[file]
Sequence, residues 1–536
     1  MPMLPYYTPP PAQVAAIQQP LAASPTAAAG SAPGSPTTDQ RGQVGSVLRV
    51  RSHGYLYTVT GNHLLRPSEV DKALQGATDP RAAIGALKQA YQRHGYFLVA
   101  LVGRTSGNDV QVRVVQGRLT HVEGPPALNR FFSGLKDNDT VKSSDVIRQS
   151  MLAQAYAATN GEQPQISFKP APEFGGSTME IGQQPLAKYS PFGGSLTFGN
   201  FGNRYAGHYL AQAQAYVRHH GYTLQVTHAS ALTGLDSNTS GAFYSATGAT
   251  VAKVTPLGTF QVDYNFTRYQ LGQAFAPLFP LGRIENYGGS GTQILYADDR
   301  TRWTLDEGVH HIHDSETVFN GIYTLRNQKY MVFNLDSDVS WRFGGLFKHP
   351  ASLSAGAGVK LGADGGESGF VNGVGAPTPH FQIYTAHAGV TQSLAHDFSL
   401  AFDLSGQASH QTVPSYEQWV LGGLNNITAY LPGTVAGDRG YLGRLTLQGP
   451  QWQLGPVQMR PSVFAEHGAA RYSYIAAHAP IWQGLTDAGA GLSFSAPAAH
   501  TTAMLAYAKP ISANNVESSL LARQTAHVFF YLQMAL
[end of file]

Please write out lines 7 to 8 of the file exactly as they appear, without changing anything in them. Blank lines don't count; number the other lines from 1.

   251  VAKVTPLGTF QVDYNFTRYQ LGQAFAPLFP LGRIENYGGS GTQILYADDR
   301  TRWTLDEGVH HIHDSETVFN GIYTLRNQKY MVFNLDSDVS WRFGGLFKHP